The research program focuses on the breeding, genetics, physiology and management of ornamental species. Major emphasis is placed on flowering species that are native to Canada and species capable of thriving on environments with low inputs of water and nutrients. Potatoes are also included in our investigations. Activities within the Gosling Research Institute for Plant Preservation (GRIPP)focus on the preservation of endangered plant species.
Breeding, Genetics and Physiology of Ornamental Species. Native flowering species hold great potential for the landscape industry and consumers. Candidate species are first screened for their potential to thrive in low input conditions using a system developed in our lab. Species with the greatest potential are entered into the breeding program. Germplasm collection is an on-going process for candidate species. Breeding emphasizes population improvement and hybrid development. During breeding, testing is done in environments consistent with a low input environment with special attention paid to drought tolerance and associated mechanisms. Measurement of net carbon exchange rates provides an understanding of plant response to these low input environments. Species such as Aguilegia sp. and Liatris sp. have been used to develop a model system. Concurrent with the breeding program, in vitro propagation systems are developed for the species with the greatest potential for commercialization.
Genotype by environment interactions and cultivar testing of potato - Since 1998, the research program has been identifying selections adapted to the potato growing regions in Ontario. Strong links to the National Potato Breeding Program at Agriculture and Agri-Food Canada in Fredericton, NB have provided a continuous supply of advanced lines for testing. The program has emphasized identification of selections with high yield, quality and storage potential. Recent studies have identified variability for resistant starch in cultivars and advanced selections which are linked to dietary considerations and human health. G x E studies are used to determine the influence of environment on important characteristics such as sugar content and frying quality, starch profiles and glycemic index and phytochemical and antioxidant activity. One of the new projects is the study of very early maturing selections and frying quality for the chipping industry. Results can be found at: www.uoguelph.ca/plant/research/potato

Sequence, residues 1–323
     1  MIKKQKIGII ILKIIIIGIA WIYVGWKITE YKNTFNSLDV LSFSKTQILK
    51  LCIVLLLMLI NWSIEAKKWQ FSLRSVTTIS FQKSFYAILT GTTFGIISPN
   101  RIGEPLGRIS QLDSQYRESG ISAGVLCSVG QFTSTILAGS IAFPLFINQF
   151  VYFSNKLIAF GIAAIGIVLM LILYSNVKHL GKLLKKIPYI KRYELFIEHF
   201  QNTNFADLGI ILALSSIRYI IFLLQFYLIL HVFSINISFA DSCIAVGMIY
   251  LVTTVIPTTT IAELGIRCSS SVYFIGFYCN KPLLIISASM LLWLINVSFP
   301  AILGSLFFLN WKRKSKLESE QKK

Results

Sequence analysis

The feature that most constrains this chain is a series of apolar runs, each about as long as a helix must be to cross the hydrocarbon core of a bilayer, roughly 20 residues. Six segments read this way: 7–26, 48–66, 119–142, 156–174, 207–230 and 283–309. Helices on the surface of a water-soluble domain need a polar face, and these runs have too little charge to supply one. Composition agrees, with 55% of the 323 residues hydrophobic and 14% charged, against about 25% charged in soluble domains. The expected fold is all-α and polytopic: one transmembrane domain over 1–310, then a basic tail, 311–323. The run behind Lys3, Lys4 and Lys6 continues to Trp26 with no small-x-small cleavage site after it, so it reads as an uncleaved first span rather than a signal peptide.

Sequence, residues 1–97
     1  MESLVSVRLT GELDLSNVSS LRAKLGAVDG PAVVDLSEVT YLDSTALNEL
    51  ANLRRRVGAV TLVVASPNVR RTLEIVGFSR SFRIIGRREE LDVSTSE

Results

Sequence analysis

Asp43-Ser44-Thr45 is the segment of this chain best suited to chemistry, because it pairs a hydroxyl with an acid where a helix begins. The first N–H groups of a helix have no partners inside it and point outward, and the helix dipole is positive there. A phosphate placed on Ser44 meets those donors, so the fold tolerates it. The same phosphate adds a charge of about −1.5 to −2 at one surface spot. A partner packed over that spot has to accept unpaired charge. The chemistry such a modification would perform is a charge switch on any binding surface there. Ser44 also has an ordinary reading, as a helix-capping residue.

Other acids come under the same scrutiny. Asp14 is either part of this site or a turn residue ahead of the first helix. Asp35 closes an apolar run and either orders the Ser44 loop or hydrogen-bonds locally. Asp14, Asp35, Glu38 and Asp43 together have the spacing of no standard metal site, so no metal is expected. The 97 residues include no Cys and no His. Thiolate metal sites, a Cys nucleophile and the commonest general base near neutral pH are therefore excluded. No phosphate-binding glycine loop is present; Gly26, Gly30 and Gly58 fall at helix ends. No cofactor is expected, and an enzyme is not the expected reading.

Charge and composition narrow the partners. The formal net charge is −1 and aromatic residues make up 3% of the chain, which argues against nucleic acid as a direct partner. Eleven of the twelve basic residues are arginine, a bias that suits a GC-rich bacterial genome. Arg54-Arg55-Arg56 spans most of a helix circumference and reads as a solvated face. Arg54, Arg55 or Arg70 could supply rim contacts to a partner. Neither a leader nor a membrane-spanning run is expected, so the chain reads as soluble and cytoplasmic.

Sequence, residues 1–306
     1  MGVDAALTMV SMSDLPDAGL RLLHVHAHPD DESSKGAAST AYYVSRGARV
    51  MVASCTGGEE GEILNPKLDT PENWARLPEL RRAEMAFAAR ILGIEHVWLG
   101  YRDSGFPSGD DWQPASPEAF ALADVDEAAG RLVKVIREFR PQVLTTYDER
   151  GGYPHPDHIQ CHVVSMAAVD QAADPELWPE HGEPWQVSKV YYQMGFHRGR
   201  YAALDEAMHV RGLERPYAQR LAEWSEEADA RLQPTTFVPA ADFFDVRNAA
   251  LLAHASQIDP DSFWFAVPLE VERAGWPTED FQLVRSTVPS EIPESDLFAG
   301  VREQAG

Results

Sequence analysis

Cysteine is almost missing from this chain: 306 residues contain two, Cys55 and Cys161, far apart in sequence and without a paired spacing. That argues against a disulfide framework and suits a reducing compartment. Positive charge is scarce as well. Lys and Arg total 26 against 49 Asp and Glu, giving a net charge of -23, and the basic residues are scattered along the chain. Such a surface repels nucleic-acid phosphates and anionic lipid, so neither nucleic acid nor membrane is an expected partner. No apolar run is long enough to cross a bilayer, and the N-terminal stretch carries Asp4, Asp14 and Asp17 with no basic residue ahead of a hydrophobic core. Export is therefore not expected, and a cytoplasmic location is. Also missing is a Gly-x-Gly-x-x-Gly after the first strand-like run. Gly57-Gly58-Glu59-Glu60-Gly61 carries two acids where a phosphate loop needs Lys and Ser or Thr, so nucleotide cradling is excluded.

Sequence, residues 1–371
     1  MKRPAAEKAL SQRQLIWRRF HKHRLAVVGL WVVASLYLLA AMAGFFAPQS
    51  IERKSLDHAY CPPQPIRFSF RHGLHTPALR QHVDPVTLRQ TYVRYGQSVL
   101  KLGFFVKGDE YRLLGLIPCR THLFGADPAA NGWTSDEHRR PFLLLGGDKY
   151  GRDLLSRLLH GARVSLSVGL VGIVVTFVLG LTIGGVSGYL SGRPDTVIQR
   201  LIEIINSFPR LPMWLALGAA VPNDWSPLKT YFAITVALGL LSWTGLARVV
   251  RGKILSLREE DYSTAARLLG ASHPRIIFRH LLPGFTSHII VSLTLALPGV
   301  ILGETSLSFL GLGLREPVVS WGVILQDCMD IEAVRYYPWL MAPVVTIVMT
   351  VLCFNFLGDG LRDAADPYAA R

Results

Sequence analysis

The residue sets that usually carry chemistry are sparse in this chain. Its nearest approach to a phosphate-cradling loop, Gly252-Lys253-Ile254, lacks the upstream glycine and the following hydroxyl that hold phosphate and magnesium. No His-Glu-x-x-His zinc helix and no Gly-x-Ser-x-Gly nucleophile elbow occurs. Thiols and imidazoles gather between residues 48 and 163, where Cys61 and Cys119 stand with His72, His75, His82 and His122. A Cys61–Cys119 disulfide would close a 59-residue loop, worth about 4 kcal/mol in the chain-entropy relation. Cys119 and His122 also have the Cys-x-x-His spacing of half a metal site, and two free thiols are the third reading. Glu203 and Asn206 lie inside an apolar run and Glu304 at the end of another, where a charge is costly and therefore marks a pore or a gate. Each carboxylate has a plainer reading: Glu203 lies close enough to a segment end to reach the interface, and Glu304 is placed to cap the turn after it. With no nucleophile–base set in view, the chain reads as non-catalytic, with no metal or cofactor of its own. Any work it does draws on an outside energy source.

Post-harvest quality and genetics of temperature and tropical fruits. A large IDRC project involving University of Guelph researchers, (J. Subramanian, G. Paliyath , L. Lim, and A. Sullivan) and teams from India and Sri Lanka has allowed us to work on the post-harvest physiology of tropical and temperate fruit species. The project involves on the use of nanotechnology and hexanal to improve shelf-life. The teams in India and Sri Lanka are focusing on mango while the University of Guelph team is focusing on plus, cherry, strawberry and blueberry. Hexanal is applied in the field and incorporated into packaging materials. In strawberry, my lab is studying the molecular mechanisms and hormonal regulation of cell-wall metabolic genes involved in fruit softening.